How to Grow the Herbs Basil & Cinnamon


Herbs such as cinnamon and basil are ideal to grow in the home garden for their medicinal, culinary and aromatic properties. Cinnamon can help with stomach discomfort, fever and bad body odor, while basil can bring relief for insect bites and be incorporated into massage oils. Both herbs can be used in cooking or made into culinary oils as well. The key to growing cinnamon and basil is to prepare the soil correctly and to provide proper sun, whether you grow them indoors or outdoors. For outdoor gardening, plant basil and cinnamon after the last frost in late spring.

Step 1

Decide whether you want to grow your basil and cinnamon indoors or outdoors. This can all depend on your climate and region as well as the room you have indoors or outdoors. The location needs to be in full sun.

Step 2

Combine equal parts peat moss, potting soil and rich compost for your soil mix in a planter, or add it to the top foot of the soil in the ground if you are planting the herbs outside.

Step 3

Plant the basil and cinnamon seeds in the soil (in separate pots) according to the packet instructions. Insert them with your finger and make sure to have a label on the pot or sign outdoors to identify the seeds. Keep the pots indoors in full sun, or outdoors in partial shade or full sun.

Step 4

Water each herb according to what they need. Basil's soil needs to be consistently moist. Cinnamon needs moderate watering, and the soil can dry out in between waterings.

Step 5

Cover the pots with plastic wrap to help retain moisture and encourage strong root establishment. After the seeds have sprouted, you can remove the plastic wrap.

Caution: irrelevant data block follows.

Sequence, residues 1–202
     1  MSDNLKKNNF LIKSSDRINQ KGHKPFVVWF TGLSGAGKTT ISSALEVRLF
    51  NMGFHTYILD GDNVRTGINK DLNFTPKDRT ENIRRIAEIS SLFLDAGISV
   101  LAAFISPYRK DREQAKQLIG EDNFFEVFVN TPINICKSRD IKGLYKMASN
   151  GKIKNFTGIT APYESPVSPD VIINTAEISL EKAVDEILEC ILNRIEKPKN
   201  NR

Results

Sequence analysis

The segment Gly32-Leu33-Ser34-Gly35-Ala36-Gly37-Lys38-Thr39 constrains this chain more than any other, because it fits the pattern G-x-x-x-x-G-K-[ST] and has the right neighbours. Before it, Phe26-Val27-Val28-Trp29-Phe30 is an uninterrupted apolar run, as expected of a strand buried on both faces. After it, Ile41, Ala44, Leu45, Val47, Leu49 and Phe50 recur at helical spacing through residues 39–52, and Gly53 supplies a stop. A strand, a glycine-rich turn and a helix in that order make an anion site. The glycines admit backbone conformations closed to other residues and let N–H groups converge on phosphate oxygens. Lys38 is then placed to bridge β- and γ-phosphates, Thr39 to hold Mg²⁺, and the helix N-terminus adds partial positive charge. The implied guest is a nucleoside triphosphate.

Step 6

Fertilize cinnamon every month with a fertilizer high in potassium. Basil does not need fertilizing, although you can do it according to its needs and what the seed packet suggests.

Step 7

Harvest basil when the leaves get too crowded or when the plant grows taller than 6 inches. Always pinch off any flowers that appear.

Step 8

Let cinnamon seedlings mature over the course of a couple years, since it takes this much time to grow and harvest. To harvest cinnamon, cut a branch off (it grows into a tree-like formation). After cutting off a branch, let it sit for about 24 hours, then scrape off the bark outer layer with a knife. Peel back the bark then so it curls backward. This is where cinnamon sticks come from.

Things You'll Need

  • Seeds or cuttings
  • Plastic or ceramic pots, 4 inches deep and wide
  • Potting soil
  • Peat moss
  • Compost
  • Wooden or plastic plant labels
  • Water
  • Plastic wrap
  • Fertilizer
  • Knife


  • West Virginia University: Growing Herbs in the Home Garden
  • Top Tropicals: Growing Cinnamon
  • Culinary Herb Guide: GrowingHerbs
Keywords: growing basil, growing cinnamon, growing herbs

About this Author

Lauren Wise has more than eight years' experience as a writer, editor, copywriter and columnist. She specializes in food, wine, music and pop culture. Her writing has appeared in various magazines, including "Runway," "A2Z," "Scottsdale Luxury Living" and "True West." Wise holds a Bachelor of Arts in journalism from Arizona State University.